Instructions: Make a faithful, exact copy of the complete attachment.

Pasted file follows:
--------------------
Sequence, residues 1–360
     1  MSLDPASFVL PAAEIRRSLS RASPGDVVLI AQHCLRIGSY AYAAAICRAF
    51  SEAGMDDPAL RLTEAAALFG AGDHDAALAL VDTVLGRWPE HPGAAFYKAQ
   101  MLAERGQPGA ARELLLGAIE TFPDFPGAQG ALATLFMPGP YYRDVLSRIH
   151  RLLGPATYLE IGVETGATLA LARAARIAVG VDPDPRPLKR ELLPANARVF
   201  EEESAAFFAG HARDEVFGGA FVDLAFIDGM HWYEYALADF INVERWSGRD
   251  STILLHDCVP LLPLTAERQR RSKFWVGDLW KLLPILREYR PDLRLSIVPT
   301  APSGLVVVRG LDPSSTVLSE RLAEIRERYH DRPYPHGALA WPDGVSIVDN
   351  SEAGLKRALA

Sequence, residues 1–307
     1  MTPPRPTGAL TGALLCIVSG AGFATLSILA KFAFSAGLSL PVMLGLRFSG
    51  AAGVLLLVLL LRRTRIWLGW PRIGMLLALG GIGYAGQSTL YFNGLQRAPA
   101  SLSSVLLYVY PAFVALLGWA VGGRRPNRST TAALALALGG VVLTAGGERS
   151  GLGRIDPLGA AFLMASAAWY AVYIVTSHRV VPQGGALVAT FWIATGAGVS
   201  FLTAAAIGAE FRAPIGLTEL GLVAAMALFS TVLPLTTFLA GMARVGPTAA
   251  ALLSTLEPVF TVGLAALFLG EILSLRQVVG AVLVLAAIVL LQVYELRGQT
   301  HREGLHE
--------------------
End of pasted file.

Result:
Sequence, residues 1–360
     1  MSLDPASFVL PAAEIRRSLS RASPGDVVLI AQHCLRIGSY AYAAAICRAF
    51  SEAGMDDPAL RLTEAAALFG AGDHDAALAL VDTVLGRWPE HPGAAFYKAQ
   101  MLAERGQPGA ARELLLGAIE TFPDFPGAQG ALATLFMPGP YYRDVLSRIH
   151  RLLGPATYLE IGVETGATLA LARAARIAVG VDPDPRPLKR ELLPANARVF
   201  EEESAAFFAG HARDEVFGGA FVDLAFIDGM HWYEYALADF INVERWSGRD
   251  STILLHDCVP LLPLTAERQR RSKFWVGDLW KLLPILREYR PDLRLSIVPT
   301  APSGLVVVRG LDPSSTVLSE RLAEIRERYH DRPYPHGALA WPDGVSIVDN
   351  SEAGLKRALA

Sequence, residues 1–307
     1  MTPPRPTGAL TGALLCIVSG AGFATLSILA KFAFSAGLSL PVMLGLRFSG
    51  AAGVLLLVLL LRRTRIWLGW PRIGMLLALG GIGYAGQSTL YFNGLQRAPA
   101  SLSSVLLYVY PAFVALLGWA VGGRRPNRST TAALALALGG VVLTAGGERS
   151  GLGRIDPLGA AFLMASAAWY AVYIVTSHRV VPQGGALVAT FWIATGAGVS
   201  FLTAAAIGAE FRAPIGLTEL GLVAAMALFS TVLPLTTFLA GMARVGPTAA
   251  ALLSTLEPVF TVGLAALFLG EILSLRQVVG AVLVLAAIVL LQVYELRGQT
   301  HREGLHE